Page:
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About this poet

Claribel Alegría was born to Nicaraguan and Salvadoran parents in Estelí, Nicaragua, on May 12, 1924. She grew up in the Santa Ana area of western El Salvador, and in 1943 she moved to the United States. In 1948 she received a B.A. in Philosophy and Letters from George Washington University. Throughout her life, Alegría has emphasized her commitment to nonviolent resistance, even during her close association with the Sandinista National Liberation Front (FSLN), the people's movement that took control of the Nicaraguan government in 1979 and overthrew dictator Anastasio Somoza Debayle. In 1985, Alegría returned to Nicaragua to aid in the country's reconstruction.

Alegría's ideological and literary tendencies are a reflection of a literary current that gained momentum in Central America during the 1950s and 1960s known as "la generacion comprometida" (the committed generation). Claribel Alegría has published numerous books of poetry, including Casting Off (Curbstone Press, 2003); Sorrow (1999), which focuses on the death of her companion and translator, Darwin Flakoll; Umbrales (Thresholds, 1996); Fuga de Canto Grande (Fugues, 1992); and La mujer del río/Woman of the River (1989), a bilingual edition. She is also a writer of novels and children's stories. Alegría won the Cuban-sponsored Casa de las Américas prize in 1978 for Sobrevivo (I Survive). She resided in Managua, Nicaragua until her death on January 25, 2018. 

Flowers from the Volcano

translated by Carolyn Forché

Fourteen volcanos rise
in my remembered country
in my mythical country.
Fourteen volcanos of foliage and stone
where strange clouds hold back
the screech of a homeless bird.
Who said that my country was green?
It is more red, more gray, more violent:
Izalco roars, taking more lives.
Eternal Chacmol collects blood,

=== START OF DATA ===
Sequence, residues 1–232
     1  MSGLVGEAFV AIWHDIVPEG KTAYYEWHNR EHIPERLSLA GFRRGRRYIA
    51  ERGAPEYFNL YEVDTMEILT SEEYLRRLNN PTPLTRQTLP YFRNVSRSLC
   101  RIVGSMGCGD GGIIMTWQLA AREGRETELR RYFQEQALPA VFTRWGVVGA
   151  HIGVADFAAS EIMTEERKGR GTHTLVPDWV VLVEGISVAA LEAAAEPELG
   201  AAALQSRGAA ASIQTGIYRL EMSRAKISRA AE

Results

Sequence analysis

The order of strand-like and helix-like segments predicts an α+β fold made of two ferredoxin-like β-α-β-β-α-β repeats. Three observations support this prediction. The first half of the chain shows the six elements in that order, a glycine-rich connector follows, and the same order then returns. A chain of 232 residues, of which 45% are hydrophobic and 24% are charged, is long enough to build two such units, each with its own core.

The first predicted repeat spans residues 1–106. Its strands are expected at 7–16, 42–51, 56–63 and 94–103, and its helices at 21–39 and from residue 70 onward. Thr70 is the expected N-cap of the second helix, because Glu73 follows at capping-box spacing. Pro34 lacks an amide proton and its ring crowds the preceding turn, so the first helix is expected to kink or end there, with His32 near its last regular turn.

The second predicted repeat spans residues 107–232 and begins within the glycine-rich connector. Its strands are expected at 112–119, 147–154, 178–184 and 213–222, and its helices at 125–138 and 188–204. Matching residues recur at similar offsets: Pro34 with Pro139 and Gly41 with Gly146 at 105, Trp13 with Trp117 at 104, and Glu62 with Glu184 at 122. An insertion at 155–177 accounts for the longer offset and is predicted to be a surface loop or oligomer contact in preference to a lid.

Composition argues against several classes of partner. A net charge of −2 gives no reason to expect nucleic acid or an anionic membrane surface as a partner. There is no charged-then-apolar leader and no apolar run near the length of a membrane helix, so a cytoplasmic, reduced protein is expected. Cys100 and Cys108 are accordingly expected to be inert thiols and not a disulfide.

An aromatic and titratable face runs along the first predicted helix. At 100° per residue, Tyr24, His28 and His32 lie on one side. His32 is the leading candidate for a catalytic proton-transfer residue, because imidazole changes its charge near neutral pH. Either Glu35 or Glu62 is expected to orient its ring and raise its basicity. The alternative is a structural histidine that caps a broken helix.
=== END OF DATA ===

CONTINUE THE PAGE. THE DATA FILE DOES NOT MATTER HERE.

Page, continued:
the gray orphans
the volcano spitting bright lava
and the dead guerrillero
and the thousand betrayed faces,
the children who are watching
so they can tell of it.
Not one kingdom was left us.
One by one they fell
through all the Americas.
Steel rang in palaces,
in the streets,
in the forests
and the centaurs sacked the temple.
Gold disappeared and continues
to disappear on yanqui ships,
the golden coffee mixed with blood.
The priest flees screaming
in the middle of the night
he calls his followers
and they open the guerrillero's chest
so as to offer the Chac
his smoking heart.
In Izalco no one believes
that Tlaloc is dead
despite television,
refrigerators,
Toyotas.
The cycle is closing,
strange the volcano’s silence
since it last drew breath.
Central America trembled,
Managua collapsed.
In Guatemala the earth sank
Hurricane Fifi flattened Honduras.
They say the yanquis turned it away,
that it was moving toward Florida
and they forced it back.
The golden coffee is unloaded
in New York where
they roast it, grind it
can it and give it a price.
Siete de Junio
noche fatal
bailando el tango
la capital.

From the shadowed terraces
San Salvador’s volcano rises.
Two-story mansions
protected by walls
four meters high
march up its flanks
each with railings and gardens,
roses from England
and dwarf araucarias,
Uruguayan pines.
Farther up, in the crater
within the crater’s walls
live peasant families
who cultivate flowers
their children can sell.
The cycle is closing,
Cuscatlecan flowers
thrive in volcanic ash,
they grow strong, tall, brilliant.
The volcano’s children
flow down like lava
with their bouquets of flowers,
like roots they meander
like rivers the cycle is closing.
The owners of two-story houses
protected from thieves by walls
peer from their balconies
and they see the red waves descending
and they drown their fears in whiskey.
They are only children in rags
with flowers from the volcano,
with Jacintos and Pascuas and Mulatas
but the wave is swelling,
today’s Chacmol still wants blood,
the cycle is closing,
Tlaloc is not dead.

Copyright © 2013 by Claribel Alegría. Published 2013 by Curbstone Press/Northwestern University Press. All rights reserved.

Copyright © 2013 by Claribel Alegría. Published 2013 by Curbstone Press/Northwestern University Press. All rights reserved.

Claribel Algería

Claribel Alegría

Claribel Alegría was born to Nicaraguan and Salvadoran parents in Estelí, Nicaragua, on May 12, 1924.

by this poet

poem
As the falling rain
trickles among the stones
memories come bubbling out.
It's as if the rain
had pierced my temples.
Streaming
streaming chaotically
come memories:
the reedy voice
of the servant
telling me tales
of ghosts.
They sat beside me
the ghosts
and the bed creaked
that purple-dark afternoon
when I